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A literary journey through London...

Published Tuesday 14th of January 2014 11:06:30 AM

At the end of the Christmas Quarter, nineteen Sixth Form pupils from Oundle School gathered outside Westminster Abbey to embark on a literary journey around London.

Pupil, Emma Kemsley-Pain (17) commented, �Our English teacher, Mr Hipperson�s enthusiasm was infectious. In Westminster Abbey, the vast majority made a bee-line for Poets� Corner, where we were able to view both the resting places and the memorials to some of the literary figures who have had such a huge impact on British culture and its evolution.�

From the remains of Chaucer, the pupils began a journey through London as the �Father of the English Language� himself would have seen it.

Emma added, �Walking along the Strand in an attempt to imagine peaceable green fields and tranquil countryside while the hubbub of London surrounded us was tricky to say the least, but we were inspired by the images Mr Hipperson created.�

The afternoon brought with it the opportunity to visit UCL, a university which many of the Lower Sixth pupils are considering as a prospective university. The group were fortunate to enjoy a lecture on Chaucer delivered by Dr Marilyn Corrie during their visit. Dr Corrie gave them an insight into how Chaucer created celebrity status for himself, which had never happened before in the world of literature. It was this status that immortalised him as a figurehead for British literature, Dr Corrie claimed, and not the actual quality of his writings, which was similar to many of his contemporaries.

English teacher, Harriet Hopper commented, �Debates and interpretations regarding Chaucer�s texts quickly ensued and this proved to be a very stimulating afternoon.�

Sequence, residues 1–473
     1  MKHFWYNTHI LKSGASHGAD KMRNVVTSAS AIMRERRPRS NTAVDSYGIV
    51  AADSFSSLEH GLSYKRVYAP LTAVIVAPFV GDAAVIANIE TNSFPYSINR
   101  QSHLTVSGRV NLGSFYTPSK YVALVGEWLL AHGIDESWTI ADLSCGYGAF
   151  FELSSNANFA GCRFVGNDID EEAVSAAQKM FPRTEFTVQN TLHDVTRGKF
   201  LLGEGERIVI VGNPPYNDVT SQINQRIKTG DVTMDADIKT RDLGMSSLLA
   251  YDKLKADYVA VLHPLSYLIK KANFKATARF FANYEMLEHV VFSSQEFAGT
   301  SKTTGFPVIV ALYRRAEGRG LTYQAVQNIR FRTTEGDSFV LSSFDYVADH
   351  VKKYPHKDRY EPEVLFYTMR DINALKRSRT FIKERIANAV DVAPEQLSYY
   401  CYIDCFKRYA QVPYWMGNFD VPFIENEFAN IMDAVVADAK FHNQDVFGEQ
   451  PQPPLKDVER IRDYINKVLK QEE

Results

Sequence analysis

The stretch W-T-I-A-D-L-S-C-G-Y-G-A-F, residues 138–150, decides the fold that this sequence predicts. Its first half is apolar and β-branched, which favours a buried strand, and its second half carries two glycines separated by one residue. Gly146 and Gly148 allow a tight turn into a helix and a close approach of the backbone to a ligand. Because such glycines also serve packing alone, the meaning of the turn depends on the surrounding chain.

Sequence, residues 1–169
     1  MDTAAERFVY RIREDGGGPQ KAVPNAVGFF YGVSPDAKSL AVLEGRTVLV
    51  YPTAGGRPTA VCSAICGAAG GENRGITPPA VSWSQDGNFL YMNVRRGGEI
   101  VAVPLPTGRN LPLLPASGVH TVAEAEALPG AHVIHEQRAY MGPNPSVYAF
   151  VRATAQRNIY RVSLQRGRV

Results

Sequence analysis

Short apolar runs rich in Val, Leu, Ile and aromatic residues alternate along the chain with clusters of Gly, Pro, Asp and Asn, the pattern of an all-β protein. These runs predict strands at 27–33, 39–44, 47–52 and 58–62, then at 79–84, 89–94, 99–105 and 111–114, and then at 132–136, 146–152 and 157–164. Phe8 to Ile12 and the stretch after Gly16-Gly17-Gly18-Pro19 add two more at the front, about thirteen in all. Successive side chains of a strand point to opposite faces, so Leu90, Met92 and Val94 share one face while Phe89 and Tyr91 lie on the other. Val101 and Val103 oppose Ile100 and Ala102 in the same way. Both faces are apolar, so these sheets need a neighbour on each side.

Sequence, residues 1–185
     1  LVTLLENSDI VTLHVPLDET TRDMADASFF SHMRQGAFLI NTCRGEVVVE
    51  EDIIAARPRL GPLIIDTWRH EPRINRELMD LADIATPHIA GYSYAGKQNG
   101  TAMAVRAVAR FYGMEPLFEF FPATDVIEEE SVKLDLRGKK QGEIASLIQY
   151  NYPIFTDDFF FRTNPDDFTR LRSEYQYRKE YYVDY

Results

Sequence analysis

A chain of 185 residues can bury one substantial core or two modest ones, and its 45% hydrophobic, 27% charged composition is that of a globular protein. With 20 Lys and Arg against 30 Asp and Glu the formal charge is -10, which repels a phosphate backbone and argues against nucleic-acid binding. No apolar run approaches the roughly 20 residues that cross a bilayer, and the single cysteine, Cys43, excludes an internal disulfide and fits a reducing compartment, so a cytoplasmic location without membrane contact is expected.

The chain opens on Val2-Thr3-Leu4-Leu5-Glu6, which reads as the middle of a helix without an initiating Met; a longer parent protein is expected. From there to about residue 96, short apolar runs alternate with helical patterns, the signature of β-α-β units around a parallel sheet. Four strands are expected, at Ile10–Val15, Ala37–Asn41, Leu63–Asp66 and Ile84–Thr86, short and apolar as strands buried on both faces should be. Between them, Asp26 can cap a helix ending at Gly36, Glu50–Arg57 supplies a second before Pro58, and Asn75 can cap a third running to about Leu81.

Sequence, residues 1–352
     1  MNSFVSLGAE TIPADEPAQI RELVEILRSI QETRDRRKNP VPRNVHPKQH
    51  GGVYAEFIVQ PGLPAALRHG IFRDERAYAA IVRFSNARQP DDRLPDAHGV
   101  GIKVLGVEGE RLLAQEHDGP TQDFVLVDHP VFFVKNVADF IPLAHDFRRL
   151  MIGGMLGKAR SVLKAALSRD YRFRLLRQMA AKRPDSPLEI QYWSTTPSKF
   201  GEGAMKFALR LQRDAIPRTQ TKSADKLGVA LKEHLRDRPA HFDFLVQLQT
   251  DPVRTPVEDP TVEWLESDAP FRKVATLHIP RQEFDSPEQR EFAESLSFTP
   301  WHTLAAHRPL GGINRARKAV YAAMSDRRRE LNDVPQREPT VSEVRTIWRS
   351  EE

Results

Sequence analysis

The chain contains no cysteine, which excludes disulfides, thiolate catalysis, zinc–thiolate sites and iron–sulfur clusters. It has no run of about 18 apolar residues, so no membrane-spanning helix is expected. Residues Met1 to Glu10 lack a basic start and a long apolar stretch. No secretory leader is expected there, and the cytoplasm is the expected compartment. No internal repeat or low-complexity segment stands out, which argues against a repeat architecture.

Whilst several members of the group continued the walking tour some went ice-skating at Somerset House. Reconvening at the Garrick Theatre, pupils enjoyed a gripping production of �12 Angry Men�.

The following morning the group met up at The Dickens Museum.

Emma added, �Whilst studying an author it is rare to get such a valuable glimpse into their life. The museum provided context and depth to those currently studying Dickens and incited interest in those who are not.�

The tour was followed by a guided walk through Dickensian London, in particular through the streets through which Dickens walked, in order to stimulate inspiration for Oliver Twist, which helped pupils begin to comprehend the poverty stricken London that Dickens knew: a London rife with disease, famine and cruelty.

The afternoon was dedicated to William Shakespeare. Standing on a traffic island by the Barbican doesn�t seem to be an event noteworthy in any respect yet it was in this spot that it is thought Shakespeare wrote Othello. Pupils stood marvelling at the relatively nondescript area which had sent shockwaves through Britain.

Their next stop was the Globe, at which they were given a tour by a very knowledgeable, if slightly eccentric, tour guide, learning vast amounts about the reality of theatre during Shakespeare�s lifetime and the practicalities of being a playwright: what people want, their expectations and catering to an audience of every echelon of society.

The final morning began at the British Library with a fascinating workshop on �Ways of Reading�. This absorbing talk, given by Julian Walker, encouraged those studying English to consider how they read and how this affects their experience. They were challenged to think about the author�s intentions when penning a work of literature and whether these intentions ought to supersede the reader�s prerogative to read flexibly. They were also given the opportunity to do some analytical work from the original manuscripts and first editions of Wilde, Wordsworth, Shakespeare and Hardy which provoked thought on how a text evolves through time according to the author�s passage through life and whether this is also the case with the reader.

Emma concluded, �The trip concluded with a trip to Keats� house in Hampstead. As with the Dickens museum, we were able to ascertain valuable context which we would never have got the chance to learn otherwise. The trip was certainly a very valuable experience; providing depth and breadth to our knowledge and understanding of the quintessential British literary figures and their significance.�





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